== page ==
Because sickle cell disease is an inherited blood disease, the only way for a person to acquire it is from their parents. The conditions are inherited from parents much the same way as blood type, hair color, and other physical traits. Every person has 2 copies of the hemoglobin gene, one from their mother and one from their father. To have sickle cell you must receive the sickle cell gene from both parents. If only one gene carries sickle cell, then that person has a sickle cell trait. People with a sickle cell trait are not said to have the disease. They do not experience painful episodes and are generally not affected by the sickle hemoglobin. They cannot later develop sickle cell disease. However, when two carriers have a child, their child may inherit two sickle cell genes and have the disease.
Sickle cell anemia is one type of disease that can result from sickle cell. There are other types of sickling disorders as well. Sickle C disease is also a common form of sickle cell. It is caused by a substitution of lysine in the 6th amino acid position of the beta globin chain of hemoglobin from both parents. Sickle beta thalassemia is a less common form of sickle cell disease. This variant is caused by genetic mutations that abolish or reduce production of the beta globin subunit of hemoglobin(What, 2). The effects of these diseases vary greatly from one person to the next. Some affected may rarely see their doctors for sickle cell-related complaints, while others may be frequently hospitalized.
For now, no medicines exist to effectively treat sickle cell anemia. Treatments usually aim to prevent complications. Crises are treated with
painkillers, fluids, and oxygen. Folic acid and a B vitamin are also used to help patients. They should also be vaccinated against pneumonia because sickle cell patients are prone to getting it(Frequently, 1). The only way to prevent sickle cell disease is to find out whether or not you carry the genes for the disease before getting pregnant.
After conception, sickle cell anemia can be diagnosed by amniocentesis in the second trimester of pregnancy. This test involves placing a needle in to the womb through the women s abdomen and obtaining a small sample of the amniotic fluid. The amniocentesis test carries a small risk of causing a miscarriage, about 1 in 100, but other complications are very unusual(Amniocentesis, 1). If the fetus has sickle cell, the parents may choose to terminate the pregnancy.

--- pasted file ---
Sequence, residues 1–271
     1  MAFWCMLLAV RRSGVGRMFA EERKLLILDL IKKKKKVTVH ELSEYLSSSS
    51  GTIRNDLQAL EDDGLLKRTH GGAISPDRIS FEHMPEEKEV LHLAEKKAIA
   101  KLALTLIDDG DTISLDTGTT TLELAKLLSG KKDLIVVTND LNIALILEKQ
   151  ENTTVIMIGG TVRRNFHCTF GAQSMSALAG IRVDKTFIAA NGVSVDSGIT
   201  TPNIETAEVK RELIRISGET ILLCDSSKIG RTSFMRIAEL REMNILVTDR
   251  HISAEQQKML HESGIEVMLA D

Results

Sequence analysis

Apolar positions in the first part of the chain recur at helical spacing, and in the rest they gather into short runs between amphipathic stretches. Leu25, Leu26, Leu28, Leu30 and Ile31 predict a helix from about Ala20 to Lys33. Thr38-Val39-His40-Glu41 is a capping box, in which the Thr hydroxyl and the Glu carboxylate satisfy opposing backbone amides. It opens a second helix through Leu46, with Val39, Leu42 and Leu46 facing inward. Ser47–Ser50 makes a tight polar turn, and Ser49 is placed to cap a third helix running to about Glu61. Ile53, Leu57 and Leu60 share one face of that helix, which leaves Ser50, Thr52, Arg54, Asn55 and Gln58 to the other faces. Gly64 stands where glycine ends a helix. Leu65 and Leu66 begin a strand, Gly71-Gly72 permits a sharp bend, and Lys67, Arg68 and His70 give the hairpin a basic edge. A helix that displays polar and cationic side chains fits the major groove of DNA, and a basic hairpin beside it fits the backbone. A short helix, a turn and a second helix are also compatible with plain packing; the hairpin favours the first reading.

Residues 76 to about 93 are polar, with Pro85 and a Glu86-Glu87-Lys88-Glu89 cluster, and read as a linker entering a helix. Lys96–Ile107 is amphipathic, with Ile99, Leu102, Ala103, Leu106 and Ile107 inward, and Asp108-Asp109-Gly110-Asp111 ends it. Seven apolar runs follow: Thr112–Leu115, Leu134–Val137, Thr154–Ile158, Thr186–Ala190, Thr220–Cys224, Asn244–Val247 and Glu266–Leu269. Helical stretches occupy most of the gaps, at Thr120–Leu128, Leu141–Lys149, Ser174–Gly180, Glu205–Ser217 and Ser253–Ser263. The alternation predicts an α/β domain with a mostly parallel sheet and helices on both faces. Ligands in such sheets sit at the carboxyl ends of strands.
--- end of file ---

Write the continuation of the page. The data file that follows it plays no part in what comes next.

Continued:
Chorionic Villus Sampling (CVS) can be carried out earlier then amniocentesis. This test is usually taken during the 9th or 10th week of pregnancy. It takes a small amount of material from the developing placenta. This test can be done by placing a thin tube through the cervix for a sample or by placing a needle in the womb and using an ultrasound scanner to guide it. Though CVS is usually the technique used to determine sickle cell, it has more risks than amniocentesis(Chorionic, 1). This is a relatively new test and there is not as much information on reliability either.
If a couple does decide to terminate their pregnancy after either an amniocentesis or a CVS test, this should not affect their fertility in future pregnancies. The couple may wish to be referred to a genetic counselor to discuss the risk of an affected baby next time. Together they can comprehend the medical facts and understand the available alternatives for dealing with the risk of recurrence. Then they can choose the course of action that seems to fit best to their family goals, ethics, and religion. Finally the counselor can help the couple seek appropriate medical and educational care.
Although there is no known universal cure for Sickle Cell Disease, there have been new advancements that are known to cure the disease. A few children with sickle cell disease have been cured through a bone marrow transplant. The transplant used bone marrow from a sibling with similar genetic makeup. However, this cure carries a high risk. About 5 to 8 percent of children who undergo bone marrow transplants for severe hemoglobin disorders die. This new form of treatment may not be suited for all persons with sickle cell.
Chemotherapy drugs have also been known to cure sickle cell. A number of other new therapies, including hydroxyurea, for reducing the severity and frequency of complications of the disease are also being tried(Sickle, 2). Limiting the damage to the organs through medical care also improves the survival and the quality of life for many affected people. Scientists say that gene therapy may someday have a cure at less risk as well. Many organizations, such as the March of Dimes, have been major supporters of sickle cell disease research.